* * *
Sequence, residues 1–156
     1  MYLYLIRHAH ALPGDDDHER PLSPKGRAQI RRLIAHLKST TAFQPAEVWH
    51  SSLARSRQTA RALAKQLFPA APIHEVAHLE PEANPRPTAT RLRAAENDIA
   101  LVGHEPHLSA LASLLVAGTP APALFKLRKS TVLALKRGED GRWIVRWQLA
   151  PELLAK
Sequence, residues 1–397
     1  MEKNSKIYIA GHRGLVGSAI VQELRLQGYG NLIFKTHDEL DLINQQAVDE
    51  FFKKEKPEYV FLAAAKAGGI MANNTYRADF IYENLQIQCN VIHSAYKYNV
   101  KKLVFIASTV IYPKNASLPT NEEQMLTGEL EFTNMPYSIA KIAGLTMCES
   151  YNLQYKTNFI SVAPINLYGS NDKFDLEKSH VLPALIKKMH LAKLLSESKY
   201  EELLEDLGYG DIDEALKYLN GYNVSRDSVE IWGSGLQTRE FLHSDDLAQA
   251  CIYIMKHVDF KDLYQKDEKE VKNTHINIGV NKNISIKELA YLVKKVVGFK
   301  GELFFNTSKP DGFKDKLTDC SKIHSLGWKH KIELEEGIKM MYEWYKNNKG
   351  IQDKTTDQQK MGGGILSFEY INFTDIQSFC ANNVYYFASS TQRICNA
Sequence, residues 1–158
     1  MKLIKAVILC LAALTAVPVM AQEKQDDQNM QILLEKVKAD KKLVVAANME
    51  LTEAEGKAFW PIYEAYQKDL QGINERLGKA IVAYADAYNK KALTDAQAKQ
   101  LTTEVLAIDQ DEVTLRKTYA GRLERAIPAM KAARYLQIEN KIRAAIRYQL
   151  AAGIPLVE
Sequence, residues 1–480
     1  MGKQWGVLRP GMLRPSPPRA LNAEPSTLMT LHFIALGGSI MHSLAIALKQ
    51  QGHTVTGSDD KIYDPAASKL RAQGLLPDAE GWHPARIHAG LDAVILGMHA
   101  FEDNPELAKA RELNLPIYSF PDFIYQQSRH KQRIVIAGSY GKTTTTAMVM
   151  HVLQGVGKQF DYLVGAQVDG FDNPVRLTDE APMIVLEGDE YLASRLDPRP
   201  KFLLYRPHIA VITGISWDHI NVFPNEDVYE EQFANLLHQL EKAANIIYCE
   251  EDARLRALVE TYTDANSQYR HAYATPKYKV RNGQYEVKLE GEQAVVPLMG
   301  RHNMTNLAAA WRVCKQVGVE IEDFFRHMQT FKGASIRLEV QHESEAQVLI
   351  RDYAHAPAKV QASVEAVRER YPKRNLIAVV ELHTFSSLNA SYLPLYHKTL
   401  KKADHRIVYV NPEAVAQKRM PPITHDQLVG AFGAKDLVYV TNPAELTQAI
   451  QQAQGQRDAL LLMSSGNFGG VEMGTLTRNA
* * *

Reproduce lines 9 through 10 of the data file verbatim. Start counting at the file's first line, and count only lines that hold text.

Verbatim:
   101  KKLVFIASTV IYPKNASLPT NEEQMLTGEL EFTNMPYSIA KIAGLTMCES
   151  YNLQYKTNFI SVAPINLYGS NDKFDLEKSH VLPALIKKMH LAKLLSESKY